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Post Options Post Options   Thanks (0) Thanks(0)   Quote Turboguy Quote  Post ReplyReply Direct Link To This Post Posted: April 05 2008 at 11:58am
Wow Penham, that's scary. Good thing you got her to a hospital and popped that thing out as fast as you did. Sepsis probably isn't any fun!
 
In a Pandemic, or probably any major crisis situation, I honestly wouldn't put your daughter's survival above 50%! In a Pandemic the hospitals will be filled to !000% capacity within a week, and I don't think many doctors, nurses, and surgeons are going to show up at all. They may say they will now, it's easy to talk big when someone's not pointing a gun at you trying to FORCE you to treat them, or you walk into an abbatoir that used to be a hospital.
 
The Minneapolis area has an approximate population of 2,614,660 and maybe one thousand hospital beds for the entire area and this area has per capita more hospitals than many other big cities. In the megalopolises like NY, Chicago, etc it's far worse.
 
We just don't have the hospital resources to handle a crisis. A pandemic would be a nightmare on so many levels.
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Post Options Post Options   Thanks (0) Thanks(0)   Quote Ro2935 Quote  Post ReplyReply Direct Link To This Post Posted: April 06 2008 at 2:05am
Penham glad to hear that your daughter is doing ok now.
 
Surgical intervention is the one thing the average prepper will not be able to prep for. We can put aside food, water, fuel, generators and medical supplies, but there are very few that is able to set up a sterile operating theater in their home, never mind do major surgery.
 
An emergency you faced is my biggest fear during a pandemic, my daughter has a shunt that controls her hydrocephalus if this failed in a pandemic situation, it would be highly unlikely that she would receive the brain surgery to replace the valve and without it she would be dead within 48 hours.
 
It wont just be the disease that is causing the pandemic that causes death but also the fact for many they would not be able to receive the life saving treatment such as dialysis, pacemakers ect, people will die in there homes from heart attacks, strokes as there wont be beds available in hospitals to treat them.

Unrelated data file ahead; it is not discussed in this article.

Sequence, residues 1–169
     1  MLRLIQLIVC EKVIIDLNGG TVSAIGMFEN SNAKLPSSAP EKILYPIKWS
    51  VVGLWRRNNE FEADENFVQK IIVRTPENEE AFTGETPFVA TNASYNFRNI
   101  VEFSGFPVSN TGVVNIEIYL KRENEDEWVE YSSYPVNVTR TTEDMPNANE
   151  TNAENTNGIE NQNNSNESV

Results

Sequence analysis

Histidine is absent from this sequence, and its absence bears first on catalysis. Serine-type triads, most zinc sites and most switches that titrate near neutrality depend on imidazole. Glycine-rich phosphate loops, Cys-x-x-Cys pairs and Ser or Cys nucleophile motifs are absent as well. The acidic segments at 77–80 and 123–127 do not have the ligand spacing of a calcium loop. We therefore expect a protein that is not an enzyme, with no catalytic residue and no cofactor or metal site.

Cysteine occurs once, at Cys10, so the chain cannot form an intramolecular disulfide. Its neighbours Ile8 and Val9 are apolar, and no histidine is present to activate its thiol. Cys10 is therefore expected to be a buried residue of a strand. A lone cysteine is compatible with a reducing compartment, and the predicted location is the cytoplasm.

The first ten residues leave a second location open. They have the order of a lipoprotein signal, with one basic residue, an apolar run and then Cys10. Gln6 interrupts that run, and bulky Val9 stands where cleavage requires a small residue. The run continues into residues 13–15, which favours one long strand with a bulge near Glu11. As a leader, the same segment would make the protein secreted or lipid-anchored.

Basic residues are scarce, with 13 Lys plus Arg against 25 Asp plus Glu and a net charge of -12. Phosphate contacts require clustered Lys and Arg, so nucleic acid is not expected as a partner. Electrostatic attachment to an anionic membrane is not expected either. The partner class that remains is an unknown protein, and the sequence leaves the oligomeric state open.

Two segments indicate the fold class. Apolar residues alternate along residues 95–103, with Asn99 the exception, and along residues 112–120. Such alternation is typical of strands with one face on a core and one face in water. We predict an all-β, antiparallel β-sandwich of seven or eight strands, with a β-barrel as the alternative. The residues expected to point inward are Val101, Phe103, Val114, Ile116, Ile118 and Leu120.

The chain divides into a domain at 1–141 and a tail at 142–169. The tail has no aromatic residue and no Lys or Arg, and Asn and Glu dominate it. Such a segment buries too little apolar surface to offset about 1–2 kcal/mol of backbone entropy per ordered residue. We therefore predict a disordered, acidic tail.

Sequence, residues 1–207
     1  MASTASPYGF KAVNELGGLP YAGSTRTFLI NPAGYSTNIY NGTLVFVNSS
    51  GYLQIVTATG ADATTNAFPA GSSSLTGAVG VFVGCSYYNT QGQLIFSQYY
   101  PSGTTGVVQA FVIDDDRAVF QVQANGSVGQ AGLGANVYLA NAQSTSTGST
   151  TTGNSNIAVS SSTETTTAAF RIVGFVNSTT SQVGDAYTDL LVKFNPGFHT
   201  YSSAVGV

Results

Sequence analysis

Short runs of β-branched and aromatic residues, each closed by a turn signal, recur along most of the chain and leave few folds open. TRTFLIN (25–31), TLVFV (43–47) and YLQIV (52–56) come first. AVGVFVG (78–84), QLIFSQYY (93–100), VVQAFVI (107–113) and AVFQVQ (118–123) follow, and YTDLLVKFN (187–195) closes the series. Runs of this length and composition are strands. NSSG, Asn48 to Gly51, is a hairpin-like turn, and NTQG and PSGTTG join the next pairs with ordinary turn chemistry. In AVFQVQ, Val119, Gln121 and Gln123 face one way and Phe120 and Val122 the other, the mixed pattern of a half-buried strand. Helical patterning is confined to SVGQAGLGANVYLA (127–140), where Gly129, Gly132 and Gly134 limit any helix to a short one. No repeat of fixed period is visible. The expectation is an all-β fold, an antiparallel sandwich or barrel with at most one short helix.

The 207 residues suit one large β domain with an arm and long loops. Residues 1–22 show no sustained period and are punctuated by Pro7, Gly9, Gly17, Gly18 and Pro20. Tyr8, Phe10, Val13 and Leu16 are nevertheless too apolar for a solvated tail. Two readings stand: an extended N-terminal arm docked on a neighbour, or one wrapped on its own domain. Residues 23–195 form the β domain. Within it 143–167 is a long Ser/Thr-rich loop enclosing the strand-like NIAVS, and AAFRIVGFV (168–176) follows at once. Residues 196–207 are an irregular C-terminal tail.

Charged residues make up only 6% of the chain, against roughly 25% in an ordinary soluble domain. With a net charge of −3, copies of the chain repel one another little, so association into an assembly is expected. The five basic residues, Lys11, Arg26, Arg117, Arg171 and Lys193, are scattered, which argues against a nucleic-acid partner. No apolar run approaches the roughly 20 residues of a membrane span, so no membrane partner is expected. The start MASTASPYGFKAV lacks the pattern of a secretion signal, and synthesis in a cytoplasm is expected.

Home births without trained midwifes will be more dangerous and the rate of fatalities will rise due to birth complications in both mother and child, and the list could go on and on.
 
All we can do is prep as much as possible for the things we can control and hope that what we cant control never happens.
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Post Options Post Options   Thanks (0) Thanks(0)   Quote FluMom Quote  Post ReplyReply Direct Link To This Post Posted: April 06 2008 at 9:51am
Penham, I am so happy your daughter is getting better. Nothing worse than a sick child! It causes parents to fear because we love them so much.

I have thought about having something like this happen! My only answer is go the the hospital wearing masks, goggles, and gloves and bring lots of masks, gloves, clorox wipes, lysol and Pray Pray Pray!

Sometimes you have no choice and as my Mother taught me, "Do the best you can."
Always Be Prepared
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Post Options Post Options   Thanks (0) Thanks(0)   Quote Gexydaf Quote  Post ReplyReply Direct Link To This Post Posted: June 09 2008 at 8:46pm
Penham,  Is your daughter all better now?
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Post Options Post Options   Thanks (0) Thanks(0)   Quote starspirit Quote  Post ReplyReply Direct Link To This Post Posted: June 10 2008 at 12:42am
penham..glad your daughter is okay.....maybe hospitals will need to get those beeper things they use a restaurants and we can wait outside away from all the germy people ....just a thought...or take our own walkie talkies or cell phones call me when its my turn please.....if its cold out we might freeze to death waiting as slow as most ER's  get...but sure glad they acted fast with your daughter.....
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Post Options Post Options   Thanks (0) Thanks(0)   Quote H2HPrep Quote  Post ReplyReply Direct Link To This Post Posted: June 10 2008 at 11:29am
Penham, I too am glad your  daughter received the care she needed.
 
As for life during a pandemic or WMD war, supplies, absenteeism and the power
grid will determine the level of technology.
 
The hospitals will be little more than hotels after a few weeks. Absenteeism could be 50% or more and power may be here and there at best.
 
The level of technology will be that of 1908.
 
 
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Post Options Post Options   Thanks (0) Thanks(0)   Quote Guests Quote  Post ReplyReply Direct Link To This Post Posted: June 10 2008 at 12:58pm